M11 ia a bright magnitude 5.8 dense open cluster that beautifully accents the swarms of stars that populate the Milky Way in the constellation Scutum. In this part of the sky, it takes an exceptionally fine galactic star cluster to stand out from the prominent Scutum Star Cloud. M11 is an outstanding open cluster for moderate size telescopes. A 10-inch scope shows hundreds of glittering star points all over a field of view that resembles a carpet of sparkling diamonds.
M11 is about 5,500 light-years away. The cluster is about 500 million years old, and the brightest members are giant stars with luminosities more than 100 times that of our sun. If our sun was at that distance, it would appear as a very dim magnitude 15.9.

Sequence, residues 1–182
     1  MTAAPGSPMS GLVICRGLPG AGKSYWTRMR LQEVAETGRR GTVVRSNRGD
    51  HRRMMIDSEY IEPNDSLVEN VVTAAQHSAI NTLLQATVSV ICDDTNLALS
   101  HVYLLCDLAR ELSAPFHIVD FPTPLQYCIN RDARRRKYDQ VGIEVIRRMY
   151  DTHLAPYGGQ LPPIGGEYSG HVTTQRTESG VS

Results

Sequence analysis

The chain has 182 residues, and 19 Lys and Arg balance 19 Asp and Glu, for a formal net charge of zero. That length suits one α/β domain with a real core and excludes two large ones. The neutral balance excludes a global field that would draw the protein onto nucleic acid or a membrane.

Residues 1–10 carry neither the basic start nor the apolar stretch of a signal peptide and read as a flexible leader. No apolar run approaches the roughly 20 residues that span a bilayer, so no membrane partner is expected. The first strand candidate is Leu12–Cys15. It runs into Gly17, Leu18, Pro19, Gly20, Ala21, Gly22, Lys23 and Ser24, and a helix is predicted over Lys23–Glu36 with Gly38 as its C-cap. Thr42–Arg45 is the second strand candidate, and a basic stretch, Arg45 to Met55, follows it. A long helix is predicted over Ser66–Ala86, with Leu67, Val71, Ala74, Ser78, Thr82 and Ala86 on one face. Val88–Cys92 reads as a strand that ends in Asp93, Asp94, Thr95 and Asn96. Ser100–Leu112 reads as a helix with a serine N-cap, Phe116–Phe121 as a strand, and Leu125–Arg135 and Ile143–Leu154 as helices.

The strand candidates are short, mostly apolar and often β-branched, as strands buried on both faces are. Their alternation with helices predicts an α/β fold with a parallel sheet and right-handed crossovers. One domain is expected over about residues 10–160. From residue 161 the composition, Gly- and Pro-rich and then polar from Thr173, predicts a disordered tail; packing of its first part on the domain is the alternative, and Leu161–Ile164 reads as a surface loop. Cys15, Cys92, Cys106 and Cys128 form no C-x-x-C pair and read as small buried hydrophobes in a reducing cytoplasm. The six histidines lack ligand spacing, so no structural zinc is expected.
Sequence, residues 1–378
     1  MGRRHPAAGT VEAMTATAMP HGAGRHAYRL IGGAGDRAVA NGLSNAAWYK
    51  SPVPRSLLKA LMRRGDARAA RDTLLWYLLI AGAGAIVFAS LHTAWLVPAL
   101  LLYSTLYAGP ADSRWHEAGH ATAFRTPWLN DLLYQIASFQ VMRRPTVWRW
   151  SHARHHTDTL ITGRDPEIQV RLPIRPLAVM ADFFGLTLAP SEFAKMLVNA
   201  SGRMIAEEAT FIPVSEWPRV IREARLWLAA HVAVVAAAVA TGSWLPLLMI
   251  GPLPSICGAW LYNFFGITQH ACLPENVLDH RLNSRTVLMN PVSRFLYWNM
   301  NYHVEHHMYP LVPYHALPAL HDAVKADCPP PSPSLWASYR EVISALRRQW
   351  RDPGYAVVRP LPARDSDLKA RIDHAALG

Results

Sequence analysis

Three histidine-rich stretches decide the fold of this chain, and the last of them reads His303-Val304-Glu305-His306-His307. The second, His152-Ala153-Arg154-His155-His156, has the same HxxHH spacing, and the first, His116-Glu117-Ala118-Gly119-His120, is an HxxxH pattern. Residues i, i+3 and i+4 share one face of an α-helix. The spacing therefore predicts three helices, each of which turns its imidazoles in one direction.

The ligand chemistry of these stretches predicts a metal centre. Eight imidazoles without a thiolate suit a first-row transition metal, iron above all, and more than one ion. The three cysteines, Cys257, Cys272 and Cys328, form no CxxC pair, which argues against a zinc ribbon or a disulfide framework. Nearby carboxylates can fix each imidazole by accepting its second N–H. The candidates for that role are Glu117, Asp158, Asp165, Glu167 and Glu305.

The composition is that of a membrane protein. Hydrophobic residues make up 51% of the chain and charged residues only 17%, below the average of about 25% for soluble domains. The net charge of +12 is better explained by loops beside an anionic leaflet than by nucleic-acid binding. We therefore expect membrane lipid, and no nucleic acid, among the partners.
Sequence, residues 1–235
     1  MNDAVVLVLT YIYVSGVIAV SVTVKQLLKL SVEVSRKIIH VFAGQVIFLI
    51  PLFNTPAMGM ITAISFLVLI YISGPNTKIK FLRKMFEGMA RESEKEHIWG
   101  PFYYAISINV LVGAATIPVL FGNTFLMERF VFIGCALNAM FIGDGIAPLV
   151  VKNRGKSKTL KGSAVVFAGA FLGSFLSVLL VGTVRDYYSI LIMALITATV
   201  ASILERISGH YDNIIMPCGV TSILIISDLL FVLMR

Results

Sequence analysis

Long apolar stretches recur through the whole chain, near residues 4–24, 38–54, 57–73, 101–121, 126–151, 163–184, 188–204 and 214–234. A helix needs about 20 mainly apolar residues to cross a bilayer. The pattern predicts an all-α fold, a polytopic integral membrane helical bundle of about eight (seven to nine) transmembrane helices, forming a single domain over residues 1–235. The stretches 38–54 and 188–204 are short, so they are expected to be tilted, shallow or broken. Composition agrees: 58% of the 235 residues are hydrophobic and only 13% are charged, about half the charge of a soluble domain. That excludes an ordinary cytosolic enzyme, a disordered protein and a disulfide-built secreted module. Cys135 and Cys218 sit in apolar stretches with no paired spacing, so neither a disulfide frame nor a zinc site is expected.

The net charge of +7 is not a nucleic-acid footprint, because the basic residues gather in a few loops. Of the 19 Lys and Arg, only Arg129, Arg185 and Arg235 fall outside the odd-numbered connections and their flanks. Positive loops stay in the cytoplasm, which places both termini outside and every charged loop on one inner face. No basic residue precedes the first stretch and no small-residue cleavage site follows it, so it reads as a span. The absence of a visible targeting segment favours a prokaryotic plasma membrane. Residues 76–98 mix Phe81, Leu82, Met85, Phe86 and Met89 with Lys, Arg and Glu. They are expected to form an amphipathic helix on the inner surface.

M11 was discovered by Gottfried Kirch in 1681 at the Berlin Observatory in Germany. The object was included in a list of nebulous stars by Halley. The Reverend William Derham in England is credited as the first to resolve it into a cluster, and accomplished this feat in 1732. The cluster got its name from Admiral Smyth, who thought the main group of stars formed a V-shape and resembled a flight of wild ducks. The cluster was included in the first list published by Charles Messier.
This is a RGB color composite CCD image of M11 taken from my backyard in Scottsdale, Arizona. An ST-8E CCD was used on a Takahashi FCT-150 refractor at the f7 prime focus, with the CCD binned 2x2.
M11 (NGC 6705)
RA: 18h 51m 18.6s Dec: -06d 15' 56"
March 20, 2004
Image by Sid Leach
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